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# Equalizing marginal utility per dollar spent

Video transcript

In the last video,
we thought about how we would allocate our $5 between
chocolate bars and fruit. And the way we did it,
and it was very rational, we thought about how much bang
would we get for each buck. And we saw, look, starting
off, our first dollar we got a lot of bang
for our buck-- and this is really just another way
of saying bang for the buck, marginal utility per price. So we got a lot of utility
for price starting off for that first chocolate bar. A little less for the
next chocolate bar, but still more than we would
get for a pound of fruit. Then more for the
next chocolate bar, and only then did
we start buying some fruit, buying
some pounds of fruit. What do I do in this
video is generalize it. I want to think about maybe
a more continuous case where we can buy very, very
small increments of each of the products. It doesn't have to be in
chunks, like chocolate bars. And what I'm going
to do is I'm going to plot the marginal utility
per price, which is really bang for your buck,
on the vertical axis. So This right over
here on this axis. Let's say this is the
marginal utility per price. And let's say it also
goes from 0 to 100. So that would be 50. And the numbers actually
don't matter so much here. And then this will
be dollar spent. So dollars spent, so your buck. So this is bang for your buck
and then this is your buck. So this is 1, 2, 3, 4, 5 and 6. Now we're going to do
arbitrary products. So let's say one product
looks something like this. And once again, you
have diminishing utility as you get more and
more of that product. In the case of fruit,
the more pounds of fruit you get the more tired
you get of fruit. The less fruit
you need for that, or the less you want fruit for
that next incremental pound. So let's-- but it
could be anything. This is true of most things. So this is product A,
could be a service as well. So product A, let me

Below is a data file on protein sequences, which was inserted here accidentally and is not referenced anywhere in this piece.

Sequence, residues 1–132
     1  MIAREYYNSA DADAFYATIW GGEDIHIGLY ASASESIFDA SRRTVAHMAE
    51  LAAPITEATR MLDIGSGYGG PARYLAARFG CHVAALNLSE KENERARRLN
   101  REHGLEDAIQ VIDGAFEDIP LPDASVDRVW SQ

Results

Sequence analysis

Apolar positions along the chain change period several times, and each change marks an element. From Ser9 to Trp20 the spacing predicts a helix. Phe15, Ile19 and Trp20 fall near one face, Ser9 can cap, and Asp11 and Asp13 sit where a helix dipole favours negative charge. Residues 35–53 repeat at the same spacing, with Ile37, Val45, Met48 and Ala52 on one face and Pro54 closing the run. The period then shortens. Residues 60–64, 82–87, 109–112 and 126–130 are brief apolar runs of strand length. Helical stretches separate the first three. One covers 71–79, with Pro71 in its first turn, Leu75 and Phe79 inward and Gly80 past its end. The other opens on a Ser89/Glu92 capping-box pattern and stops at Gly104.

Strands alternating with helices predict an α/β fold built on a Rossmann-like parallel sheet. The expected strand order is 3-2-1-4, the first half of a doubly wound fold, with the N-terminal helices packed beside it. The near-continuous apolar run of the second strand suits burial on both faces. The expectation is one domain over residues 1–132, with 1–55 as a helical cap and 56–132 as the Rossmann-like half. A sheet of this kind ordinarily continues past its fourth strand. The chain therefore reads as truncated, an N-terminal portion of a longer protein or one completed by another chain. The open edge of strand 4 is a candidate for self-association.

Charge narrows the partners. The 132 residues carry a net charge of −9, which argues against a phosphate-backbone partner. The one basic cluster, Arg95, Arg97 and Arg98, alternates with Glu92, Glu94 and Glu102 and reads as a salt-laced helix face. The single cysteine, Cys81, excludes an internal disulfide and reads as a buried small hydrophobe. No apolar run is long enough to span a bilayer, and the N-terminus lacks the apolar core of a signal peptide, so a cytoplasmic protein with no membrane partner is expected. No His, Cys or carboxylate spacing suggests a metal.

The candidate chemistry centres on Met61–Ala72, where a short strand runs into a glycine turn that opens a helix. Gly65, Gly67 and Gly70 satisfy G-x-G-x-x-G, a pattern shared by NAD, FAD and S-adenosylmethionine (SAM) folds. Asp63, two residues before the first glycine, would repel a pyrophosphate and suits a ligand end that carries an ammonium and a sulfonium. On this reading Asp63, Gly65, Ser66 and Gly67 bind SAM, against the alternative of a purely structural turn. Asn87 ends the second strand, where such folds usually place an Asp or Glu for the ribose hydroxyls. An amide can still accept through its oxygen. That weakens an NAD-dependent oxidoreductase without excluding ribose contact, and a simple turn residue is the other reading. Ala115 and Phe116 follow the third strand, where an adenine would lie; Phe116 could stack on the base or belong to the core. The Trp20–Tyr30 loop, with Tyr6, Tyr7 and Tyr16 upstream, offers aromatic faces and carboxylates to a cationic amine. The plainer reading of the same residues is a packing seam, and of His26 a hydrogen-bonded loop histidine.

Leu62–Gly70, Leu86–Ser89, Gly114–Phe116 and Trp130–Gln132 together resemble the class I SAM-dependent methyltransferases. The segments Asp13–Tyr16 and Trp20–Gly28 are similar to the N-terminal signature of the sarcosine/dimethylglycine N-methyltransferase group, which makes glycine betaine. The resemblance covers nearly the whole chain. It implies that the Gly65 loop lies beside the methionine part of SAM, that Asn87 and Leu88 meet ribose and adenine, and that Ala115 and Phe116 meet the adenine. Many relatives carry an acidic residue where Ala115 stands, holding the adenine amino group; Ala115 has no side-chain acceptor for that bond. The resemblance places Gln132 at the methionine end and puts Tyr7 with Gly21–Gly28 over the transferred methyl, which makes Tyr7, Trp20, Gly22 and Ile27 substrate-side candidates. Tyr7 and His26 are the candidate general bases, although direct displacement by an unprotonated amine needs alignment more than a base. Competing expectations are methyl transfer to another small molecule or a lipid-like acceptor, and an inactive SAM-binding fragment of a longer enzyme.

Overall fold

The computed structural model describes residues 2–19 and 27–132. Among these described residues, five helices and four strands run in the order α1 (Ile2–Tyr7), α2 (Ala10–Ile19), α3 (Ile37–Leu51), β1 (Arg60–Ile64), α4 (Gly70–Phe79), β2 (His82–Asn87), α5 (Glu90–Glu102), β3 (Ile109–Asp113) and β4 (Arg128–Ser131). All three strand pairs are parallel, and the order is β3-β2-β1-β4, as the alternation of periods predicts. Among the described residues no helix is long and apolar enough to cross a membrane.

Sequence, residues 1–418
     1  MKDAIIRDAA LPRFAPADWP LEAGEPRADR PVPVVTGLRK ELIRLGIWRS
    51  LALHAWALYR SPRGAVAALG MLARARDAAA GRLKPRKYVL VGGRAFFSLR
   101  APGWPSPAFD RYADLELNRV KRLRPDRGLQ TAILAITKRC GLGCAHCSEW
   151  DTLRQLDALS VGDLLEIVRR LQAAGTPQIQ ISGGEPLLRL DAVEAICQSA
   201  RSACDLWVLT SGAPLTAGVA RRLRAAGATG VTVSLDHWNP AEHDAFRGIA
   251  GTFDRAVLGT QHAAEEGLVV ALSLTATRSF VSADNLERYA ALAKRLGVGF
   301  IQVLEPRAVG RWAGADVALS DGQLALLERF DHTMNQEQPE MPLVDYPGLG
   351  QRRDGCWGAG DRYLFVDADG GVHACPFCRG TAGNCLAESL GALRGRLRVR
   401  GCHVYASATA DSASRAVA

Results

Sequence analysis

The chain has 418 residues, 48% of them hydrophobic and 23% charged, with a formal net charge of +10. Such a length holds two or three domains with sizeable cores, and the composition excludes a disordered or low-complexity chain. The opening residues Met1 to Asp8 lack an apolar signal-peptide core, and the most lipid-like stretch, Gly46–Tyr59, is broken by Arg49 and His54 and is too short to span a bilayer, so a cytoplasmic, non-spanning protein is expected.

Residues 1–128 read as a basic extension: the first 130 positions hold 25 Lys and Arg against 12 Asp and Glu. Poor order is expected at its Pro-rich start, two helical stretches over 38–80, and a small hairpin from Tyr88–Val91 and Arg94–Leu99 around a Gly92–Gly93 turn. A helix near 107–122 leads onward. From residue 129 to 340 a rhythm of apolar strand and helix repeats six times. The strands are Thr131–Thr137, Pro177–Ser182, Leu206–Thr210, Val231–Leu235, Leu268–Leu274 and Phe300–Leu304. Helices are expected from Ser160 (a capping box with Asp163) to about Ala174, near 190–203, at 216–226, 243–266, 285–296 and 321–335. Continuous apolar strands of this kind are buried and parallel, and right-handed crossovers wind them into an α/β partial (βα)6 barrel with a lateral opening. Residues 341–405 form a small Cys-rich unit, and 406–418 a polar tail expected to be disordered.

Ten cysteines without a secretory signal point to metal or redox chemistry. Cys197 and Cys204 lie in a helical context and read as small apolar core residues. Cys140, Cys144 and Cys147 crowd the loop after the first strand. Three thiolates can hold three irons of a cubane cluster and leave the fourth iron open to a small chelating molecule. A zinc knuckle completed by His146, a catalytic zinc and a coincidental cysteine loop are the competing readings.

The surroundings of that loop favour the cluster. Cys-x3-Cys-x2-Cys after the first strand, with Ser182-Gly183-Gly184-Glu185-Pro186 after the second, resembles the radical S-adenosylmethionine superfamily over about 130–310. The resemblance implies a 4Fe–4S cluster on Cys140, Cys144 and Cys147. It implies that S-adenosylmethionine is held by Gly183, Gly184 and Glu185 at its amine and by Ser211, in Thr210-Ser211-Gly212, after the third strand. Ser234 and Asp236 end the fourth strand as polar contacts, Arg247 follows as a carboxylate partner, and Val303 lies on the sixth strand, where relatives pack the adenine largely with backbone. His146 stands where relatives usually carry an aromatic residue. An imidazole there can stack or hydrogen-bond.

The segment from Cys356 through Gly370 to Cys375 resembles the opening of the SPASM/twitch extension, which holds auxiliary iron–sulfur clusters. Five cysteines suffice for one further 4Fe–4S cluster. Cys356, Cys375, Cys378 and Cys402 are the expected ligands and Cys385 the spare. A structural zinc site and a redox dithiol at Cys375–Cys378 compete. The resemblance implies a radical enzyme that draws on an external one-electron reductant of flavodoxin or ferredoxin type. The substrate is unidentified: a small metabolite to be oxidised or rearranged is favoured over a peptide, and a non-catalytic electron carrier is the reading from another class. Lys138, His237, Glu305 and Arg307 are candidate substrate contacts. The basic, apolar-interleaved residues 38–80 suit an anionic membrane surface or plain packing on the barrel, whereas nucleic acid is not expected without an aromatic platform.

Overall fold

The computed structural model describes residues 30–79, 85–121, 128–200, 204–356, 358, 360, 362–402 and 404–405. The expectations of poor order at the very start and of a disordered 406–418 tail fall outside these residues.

write it this way. So this is the marginal
utility for A per price of A. And let me get another
product right over here. So let's say my other product
looks something like this. So this is my marginal utility
for product B per price of B. So it's really saying
bang for the buck. So just to start
off-- and I won't even constrain how much
money we have. I just want to think about
how we would spend that money. So if I were to spend,
if I had a penny, where would I spend a penny. And I'm assuming I can buy these
in super small chunks, as small as maybe the penny or even
maybe fractions of penny. So if I just had
a penny, and I had to think about where
am I getting the best bang for my buck for that
penny, I'm clearly getting it with product A. So I would
spend that penny on product A and I would get this much
bang for my buck, which would be this entire
part right over here. Let me color it in. So my first-- I'll
spend it right on A. Let me do it in a color
that's more likely to be seen, so I'll do it in
this blue color. So I'll spend it on
A. My first, in fact, where would I spend
my first dollar? Well, the whole first dollar
I'm getting a better bang for my buck on A. So my first
dollar I will spend on A. And the total utility
I will get is actually going to be the area
under this curve. It's going to be
this whole area. It's going to be dollars times
marginal utility with price. That would give you, obviously,
the area of this rectangle right over here. The reason why it wouldn't
be the area of this larger rectangle, it would just be
the area under the curve, is you're not getting 100
marginal utility per price for the entire dollar. It's going down the entire time. And so your actual
total marginal utility is actually just
the area under this. And when you take
calculus you'll get a better
appreciation for that. But let's just think
about, once again, where our dollar is going to be spent. So actually even if
we've spent already $1, our next penny we would still
want to spend on product A, because we're still getting